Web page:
What should a caterpillar look like? A twig! What should a young mammal disguise itself as? The undergrowth in which it hides. This kind of masquerade is a style of camouflage that can be distinct from the more studied cryptic colorations. The act of discovery, as far as a predator (or even prey) is concerned, is of an inanimate object, not the juicy venison or insect steak that is actually readily available. This is a review of camouflage as it is being investigated in various researches.
In one study, birds were used to detect how successful caterpillars were at masquerading. Some domestic chicks tried in an experiment to determine if experience with wooden twigs influenced their attack on caterpillars of 2 species (Early Thorn and Brimstone) of
Twiggy caterpillars. The use of a white background made sure that in these cases cryptic colour could not influence the predator. The action of the birds involved a cognitive process where inanimate objects became associated with the masquerading caterpillar. The question remains on how the predator learns to discriminate between model and mimicking caterpillar. An alternative question was how well suited the prey is to its model. Many insects such as the moths below change their colours and appearance depending on which plant they live. Such variation is the source of evolution. Speciation has obviously been encouraged as they become increasingly isolated on their individual tree species.
Disruptive coloration at parts of the body makes prey less easy to detect. Survival of these animals is higher than those without disruptive colours. Their outline is broken up but can the predator detect the prey outline and is it misled by false edges that occur on some caterpillars? The speed of discrimination might help to determine how learning takes place in the predator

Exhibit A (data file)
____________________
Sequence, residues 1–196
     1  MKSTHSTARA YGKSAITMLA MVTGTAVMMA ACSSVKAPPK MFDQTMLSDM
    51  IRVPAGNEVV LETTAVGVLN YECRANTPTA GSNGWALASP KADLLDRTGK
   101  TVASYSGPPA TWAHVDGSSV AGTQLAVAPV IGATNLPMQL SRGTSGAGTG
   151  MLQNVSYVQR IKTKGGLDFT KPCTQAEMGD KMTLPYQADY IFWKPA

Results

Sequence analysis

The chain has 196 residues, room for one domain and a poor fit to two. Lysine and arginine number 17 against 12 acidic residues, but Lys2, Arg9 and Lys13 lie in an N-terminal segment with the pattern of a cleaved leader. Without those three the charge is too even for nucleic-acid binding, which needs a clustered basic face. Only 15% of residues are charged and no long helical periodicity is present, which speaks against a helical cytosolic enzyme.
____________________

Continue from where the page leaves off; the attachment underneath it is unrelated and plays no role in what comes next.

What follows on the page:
John Skelhorn and Candy Rowe of Newcastle University (UK) publish their paper in the Proceedings of the Royal Society B under the title
Cognition and the evolution of camouflage today.
Anti-predator defence by means of camouflage is reviewed in the schoolboys favourite evolver, the peppered moth, Biston betularia, the same species resembling birch twigs and willow twigs, depending on where it is found while the brimstone, Opisthograptis luteolata and the early thorn, Selenia dentaria resemble hawthorn and its relatives. The leaf butterfly, Kallima spp. was part of another experiment suggesting that masquerade evolves from cryptic ancestry, either with a large mutation or a gradual
improvement Predation could be the only selective force involved, as cognition seems to involve the avoidance of imperfect masqueraders even though they can’t fool as many predators as the more perfect mimics. Speed of learning by the predator is important, because they take longer to learn when the resemblance to the inedible model is better.
It certainly does not cover only insects and mammals. Here is another camouflage story in which reptiles are investigated for their levels of camouflage, such as in the Tanzanian mountain chameleon in this study from 2013.